Joette Reger's archive

Do you see bees in your yard or garden? If the answer is yes, then you’re the lucky one. The value of bees in agriculture has been known for thousands of years. Bees are the most effective pollinators in the world. They are a valuable resource for gardeners, and you can help to increase their shrinking numbers.


The presence of bees can dramatically increase fruit and vegetable production. Without them, there would be limited flowers and even fewer fruits and vegetables. They make your garden a healthier place, and don’t you just love that subtle buzzing sound?

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The subject of garden soil is just not as glamorous or fun as going out and shopping for new plants for your yard. But just like building a home on a bad foundation, poor soil will lead to disastrous gardening. We have all had the heartbreaking experience of buying colorful looking plants only to bring them home, plant them, and watch them struggle for survival. And we had such high hopes.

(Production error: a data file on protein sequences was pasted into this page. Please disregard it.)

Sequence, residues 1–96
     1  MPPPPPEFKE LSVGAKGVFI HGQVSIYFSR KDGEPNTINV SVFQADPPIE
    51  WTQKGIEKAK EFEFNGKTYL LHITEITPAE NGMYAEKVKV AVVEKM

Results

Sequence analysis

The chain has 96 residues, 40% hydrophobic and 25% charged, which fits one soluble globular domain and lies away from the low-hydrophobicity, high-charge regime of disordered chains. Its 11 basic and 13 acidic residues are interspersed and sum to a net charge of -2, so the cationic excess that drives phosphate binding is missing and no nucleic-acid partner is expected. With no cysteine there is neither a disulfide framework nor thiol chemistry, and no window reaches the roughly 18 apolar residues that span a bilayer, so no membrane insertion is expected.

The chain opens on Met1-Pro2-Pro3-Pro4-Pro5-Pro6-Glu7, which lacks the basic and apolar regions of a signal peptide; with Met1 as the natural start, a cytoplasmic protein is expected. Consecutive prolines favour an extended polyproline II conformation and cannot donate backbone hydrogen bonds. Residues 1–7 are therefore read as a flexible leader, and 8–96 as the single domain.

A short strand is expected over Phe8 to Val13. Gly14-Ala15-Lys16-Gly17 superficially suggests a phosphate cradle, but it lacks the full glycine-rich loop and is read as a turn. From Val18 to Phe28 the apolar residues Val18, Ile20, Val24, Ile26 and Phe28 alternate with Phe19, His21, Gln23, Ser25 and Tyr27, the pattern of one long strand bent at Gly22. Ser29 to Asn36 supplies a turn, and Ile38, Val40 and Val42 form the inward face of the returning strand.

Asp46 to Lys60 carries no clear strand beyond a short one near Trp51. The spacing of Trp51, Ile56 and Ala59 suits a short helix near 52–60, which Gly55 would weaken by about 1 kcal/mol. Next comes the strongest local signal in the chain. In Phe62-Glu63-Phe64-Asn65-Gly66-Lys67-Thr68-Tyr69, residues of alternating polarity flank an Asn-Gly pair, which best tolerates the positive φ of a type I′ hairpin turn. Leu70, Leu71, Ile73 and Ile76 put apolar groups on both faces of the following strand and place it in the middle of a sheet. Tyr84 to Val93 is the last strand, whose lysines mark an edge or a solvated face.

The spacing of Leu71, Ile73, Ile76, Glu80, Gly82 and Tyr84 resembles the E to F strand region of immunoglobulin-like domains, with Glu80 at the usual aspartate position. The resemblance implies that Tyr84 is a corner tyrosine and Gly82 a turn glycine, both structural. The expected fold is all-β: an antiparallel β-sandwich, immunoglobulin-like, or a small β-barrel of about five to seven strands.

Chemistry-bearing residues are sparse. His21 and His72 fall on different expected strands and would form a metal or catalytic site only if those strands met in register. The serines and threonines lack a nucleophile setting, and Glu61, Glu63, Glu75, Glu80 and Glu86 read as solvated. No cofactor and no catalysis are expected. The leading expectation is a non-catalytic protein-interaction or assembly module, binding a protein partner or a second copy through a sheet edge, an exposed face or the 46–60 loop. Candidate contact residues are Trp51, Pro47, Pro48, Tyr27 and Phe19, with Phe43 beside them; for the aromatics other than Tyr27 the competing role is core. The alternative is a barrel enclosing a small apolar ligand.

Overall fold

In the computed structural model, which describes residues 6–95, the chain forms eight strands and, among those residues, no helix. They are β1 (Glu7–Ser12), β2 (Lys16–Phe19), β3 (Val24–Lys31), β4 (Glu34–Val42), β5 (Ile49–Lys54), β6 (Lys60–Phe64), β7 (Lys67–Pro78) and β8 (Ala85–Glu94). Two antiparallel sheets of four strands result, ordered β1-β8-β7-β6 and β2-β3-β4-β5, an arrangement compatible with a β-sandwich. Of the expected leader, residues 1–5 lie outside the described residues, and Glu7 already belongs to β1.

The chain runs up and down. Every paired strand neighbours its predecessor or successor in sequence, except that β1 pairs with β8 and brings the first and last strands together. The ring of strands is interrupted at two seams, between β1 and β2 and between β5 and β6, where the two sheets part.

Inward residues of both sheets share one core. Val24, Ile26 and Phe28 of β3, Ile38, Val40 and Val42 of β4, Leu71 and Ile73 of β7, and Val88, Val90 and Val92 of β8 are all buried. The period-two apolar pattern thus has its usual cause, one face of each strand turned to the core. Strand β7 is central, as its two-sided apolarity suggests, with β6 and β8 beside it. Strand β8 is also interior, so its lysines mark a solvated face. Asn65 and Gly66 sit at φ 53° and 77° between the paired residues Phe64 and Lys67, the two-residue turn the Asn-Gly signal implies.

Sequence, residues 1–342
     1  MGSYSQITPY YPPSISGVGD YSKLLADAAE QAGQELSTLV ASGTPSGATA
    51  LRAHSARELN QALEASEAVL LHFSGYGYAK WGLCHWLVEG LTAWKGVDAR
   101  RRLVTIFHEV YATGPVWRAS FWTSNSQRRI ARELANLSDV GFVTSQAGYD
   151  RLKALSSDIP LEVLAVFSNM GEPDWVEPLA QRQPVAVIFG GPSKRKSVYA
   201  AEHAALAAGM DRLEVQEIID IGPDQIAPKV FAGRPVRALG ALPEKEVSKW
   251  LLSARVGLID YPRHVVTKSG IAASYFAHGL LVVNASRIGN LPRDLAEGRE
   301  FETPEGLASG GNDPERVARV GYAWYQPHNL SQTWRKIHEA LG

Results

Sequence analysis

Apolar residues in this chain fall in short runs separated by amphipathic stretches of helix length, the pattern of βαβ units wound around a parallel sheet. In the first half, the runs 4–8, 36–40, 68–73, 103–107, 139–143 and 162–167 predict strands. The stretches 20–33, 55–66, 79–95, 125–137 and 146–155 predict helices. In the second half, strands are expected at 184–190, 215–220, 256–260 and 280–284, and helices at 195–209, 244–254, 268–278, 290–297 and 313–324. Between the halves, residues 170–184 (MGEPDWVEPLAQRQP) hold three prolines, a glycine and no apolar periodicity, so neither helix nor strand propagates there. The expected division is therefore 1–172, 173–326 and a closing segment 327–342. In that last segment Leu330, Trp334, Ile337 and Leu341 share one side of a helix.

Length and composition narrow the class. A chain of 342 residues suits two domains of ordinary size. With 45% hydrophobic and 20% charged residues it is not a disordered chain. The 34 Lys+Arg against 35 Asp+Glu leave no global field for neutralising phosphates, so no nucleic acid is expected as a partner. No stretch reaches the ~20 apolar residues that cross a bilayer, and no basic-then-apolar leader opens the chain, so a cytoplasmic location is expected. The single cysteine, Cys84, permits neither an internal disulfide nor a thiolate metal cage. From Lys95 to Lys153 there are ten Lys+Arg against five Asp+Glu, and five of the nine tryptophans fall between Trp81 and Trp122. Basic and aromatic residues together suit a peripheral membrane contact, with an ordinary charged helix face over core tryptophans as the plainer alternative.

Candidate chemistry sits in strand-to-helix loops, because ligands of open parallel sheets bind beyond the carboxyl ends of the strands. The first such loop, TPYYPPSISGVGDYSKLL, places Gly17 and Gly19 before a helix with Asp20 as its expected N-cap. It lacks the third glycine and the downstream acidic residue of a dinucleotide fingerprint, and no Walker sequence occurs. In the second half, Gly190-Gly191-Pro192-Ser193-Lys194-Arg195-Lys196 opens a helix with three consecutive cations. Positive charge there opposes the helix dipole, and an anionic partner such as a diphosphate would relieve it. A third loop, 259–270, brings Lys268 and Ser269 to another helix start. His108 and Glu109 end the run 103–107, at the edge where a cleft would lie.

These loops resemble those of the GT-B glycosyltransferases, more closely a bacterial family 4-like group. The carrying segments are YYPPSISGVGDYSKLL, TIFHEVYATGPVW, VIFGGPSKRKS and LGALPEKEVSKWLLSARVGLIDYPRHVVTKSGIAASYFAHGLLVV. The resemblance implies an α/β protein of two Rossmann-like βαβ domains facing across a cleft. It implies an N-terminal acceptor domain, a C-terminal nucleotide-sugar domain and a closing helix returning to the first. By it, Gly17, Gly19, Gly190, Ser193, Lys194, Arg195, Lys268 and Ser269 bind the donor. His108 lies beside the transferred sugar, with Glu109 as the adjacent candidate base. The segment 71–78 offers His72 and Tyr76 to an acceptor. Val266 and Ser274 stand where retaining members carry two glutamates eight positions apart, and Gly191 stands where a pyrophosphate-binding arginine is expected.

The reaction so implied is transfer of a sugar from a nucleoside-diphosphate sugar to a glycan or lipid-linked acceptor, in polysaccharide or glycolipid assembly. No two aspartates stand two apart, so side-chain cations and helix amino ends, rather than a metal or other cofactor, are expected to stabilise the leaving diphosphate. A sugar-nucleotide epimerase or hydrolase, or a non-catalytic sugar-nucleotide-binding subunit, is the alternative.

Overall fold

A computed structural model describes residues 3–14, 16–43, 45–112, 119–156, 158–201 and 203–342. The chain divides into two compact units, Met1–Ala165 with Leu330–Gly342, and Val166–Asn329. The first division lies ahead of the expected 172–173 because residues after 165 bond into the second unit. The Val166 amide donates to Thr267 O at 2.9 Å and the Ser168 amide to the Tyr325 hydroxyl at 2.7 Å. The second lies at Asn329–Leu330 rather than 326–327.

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In gardening, you often hear terms thrown around like perennial, annual, biennial, hardy annual and tender perennial. Most seasoned gardeners have a pretty good understanding of all of the differences, but it might be fun to review and give new gardeners some helpful info at the same time.

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Looking for a perennial you can buy, plant and virtually forget? It might be that one of the sedums is just what you are looking for. Sedum is the name for a large genus of plants many call “stonecrops.” There are about 400 species to choose from. Some of the sedums like hot weather while some prefer cold. Some are yellowish in color while some are green or other colors. Some creep along the ground and quickly fill an area.

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Don’t you just love a surprise in your garden? It’s always a joy when just a few seeds hidden in an innocent looking mix of summer blooming beauties show themselves months or a year later. Each seed has its “time.” Some bloom almost immediately while others might need a year to surprise you. The standing cypress is a great example of a seed that you could have long forgotten that you even planted. What a surprise to see it yard long spire just spring up one day covered with vibrant red, tubular flowers!

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